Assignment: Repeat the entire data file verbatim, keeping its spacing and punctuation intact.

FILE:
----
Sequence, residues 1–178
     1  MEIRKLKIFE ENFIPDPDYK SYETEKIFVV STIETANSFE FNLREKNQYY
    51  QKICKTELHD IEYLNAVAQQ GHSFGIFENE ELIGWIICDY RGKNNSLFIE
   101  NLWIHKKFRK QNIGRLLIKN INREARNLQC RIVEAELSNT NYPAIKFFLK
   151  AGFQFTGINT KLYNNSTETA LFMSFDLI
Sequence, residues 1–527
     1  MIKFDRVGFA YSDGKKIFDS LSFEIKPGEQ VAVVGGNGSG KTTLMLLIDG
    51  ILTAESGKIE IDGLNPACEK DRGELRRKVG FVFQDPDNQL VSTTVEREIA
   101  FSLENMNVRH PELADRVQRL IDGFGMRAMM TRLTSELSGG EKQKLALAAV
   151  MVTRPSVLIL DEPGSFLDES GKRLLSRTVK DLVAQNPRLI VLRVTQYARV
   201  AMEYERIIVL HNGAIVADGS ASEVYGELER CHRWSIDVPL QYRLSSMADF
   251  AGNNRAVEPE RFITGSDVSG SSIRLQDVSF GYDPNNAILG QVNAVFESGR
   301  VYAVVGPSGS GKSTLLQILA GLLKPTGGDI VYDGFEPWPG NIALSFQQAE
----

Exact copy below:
Sequence, residues 1–178
     1  MEIRKLKIFE ENFIPDPDYK SYETEKIFVV STIETANSFE FNLREKNQYY
    51  QKICKTELHD IEYLNAVAQQ GHSFGIFENE ELIGWIICDY RGKNNSLFIE
   101  NLWIHKKFRK QNIGRLLIKN INREARNLQC RIVEAELSNT NYPAIKFFLK
   151  AGFQFTGINT KLYNNSTETA LFMSFDLI
Sequence, residues 1–527
     1  MIKFDRVGFA YSDGKKIFDS LSFEIKPGEQ VAVVGGNGSG KTTLMLLIDG
    51  ILTAESGKIE IDGLNPACEK DRGELRRKVG FVFQDPDNQL VSTTVEREIA
   101  FSLENMNVRH PELADRVQRL IDGFGMRAMM TRLTSELSGG EKQKLALAAV
   151  MVTRPSVLIL DEPGSFLDES GKRLLSRTVK DLVAQNPRLI VLRVTQYARV
   201  AMEYERIIVL HNGAIVADGS ASEVYGELER CHRWSIDVPL QYRLSSMADF
   251  AGNNRAVEPE RFITGSDVSG SSIRLQDVSF GYDPNNAILG QVNAVFESGR
   301  VYAVVGPSGS GKSTLLQILA GLLKPTGGDI VYDGFEPWPG NIALSFQQAE